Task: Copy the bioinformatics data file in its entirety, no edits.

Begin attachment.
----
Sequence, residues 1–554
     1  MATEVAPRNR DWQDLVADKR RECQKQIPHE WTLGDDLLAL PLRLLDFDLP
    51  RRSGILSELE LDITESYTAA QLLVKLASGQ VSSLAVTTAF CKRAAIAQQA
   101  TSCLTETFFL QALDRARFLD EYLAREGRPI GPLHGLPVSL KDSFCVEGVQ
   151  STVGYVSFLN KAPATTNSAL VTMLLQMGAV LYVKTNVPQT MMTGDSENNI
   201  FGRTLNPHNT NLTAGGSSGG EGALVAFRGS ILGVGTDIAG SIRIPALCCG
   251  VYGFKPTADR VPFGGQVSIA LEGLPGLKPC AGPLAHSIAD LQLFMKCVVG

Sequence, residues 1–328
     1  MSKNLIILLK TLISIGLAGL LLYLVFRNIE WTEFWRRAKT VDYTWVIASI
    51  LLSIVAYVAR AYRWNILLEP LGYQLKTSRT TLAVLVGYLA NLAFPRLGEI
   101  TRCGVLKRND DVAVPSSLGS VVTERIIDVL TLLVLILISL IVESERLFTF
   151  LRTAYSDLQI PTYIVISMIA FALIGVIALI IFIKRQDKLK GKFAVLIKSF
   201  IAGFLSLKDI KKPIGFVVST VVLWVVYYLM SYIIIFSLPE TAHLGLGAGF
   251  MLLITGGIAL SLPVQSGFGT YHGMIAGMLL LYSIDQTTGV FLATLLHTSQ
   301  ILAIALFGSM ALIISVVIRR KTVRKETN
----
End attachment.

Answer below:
Sequence, residues 1–554
     1  MATEVAPRNR DWQDLVADKR RECQKQIPHE WTLGDDLLAL PLRLLDFDLP
    51  RRSGILSELE LDITESYTAA QLLVKLASGQ VSSLAVTTAF CKRAAIAQQA
   101  TSCLTETFFL QALDRARFLD EYLAREGRPI GPLHGLPVSL KDSFCVEGVQ
   151  STVGYVSFLN KAPATTNSAL VTMLLQMGAV LYVKTNVPQT MMTGDSENNI
   201  FGRTLNPHNT NLTAGGSSGG EGALVAFRGS ILGVGTDIAG SIRIPALCCG
   251  VYGFKPTADR VPFGGQVSIA LEGLPGLKPC AGPLAHSIAD LQLFMKCVVG

Sequence, residues 1–328
     1  MSKNLIILLK TLISIGLAGL LLYLVFRNIE WTEFWRRAKT VDYTWVIASI
    51  LLSIVAYVAR AYRWNILLEP LGYQLKTSRT TLAVLVGYLA NLAFPRLGEI
   101  TRCGVLKRND DVAVPSSLGS VVTERIIDVL TLLVLILISL IVESERLFTF
   151  LRTAYSDLQI PTYIVISMIA FALIGVIALI IFIKRQDKLK GKFAVLIKSF
   201  IAGFLSLKDI KKPIGFVVST VVLWVVYYLM SYIIIFSLPE TAHLGLGAGF
   251  MLLITGGIAL SLPVQSGFGT YHGMIAGMLL LYSIDQTTGV FLATLLHTSQ
   301  ILAIALFGSM ALIISVVIRR KTVRKETN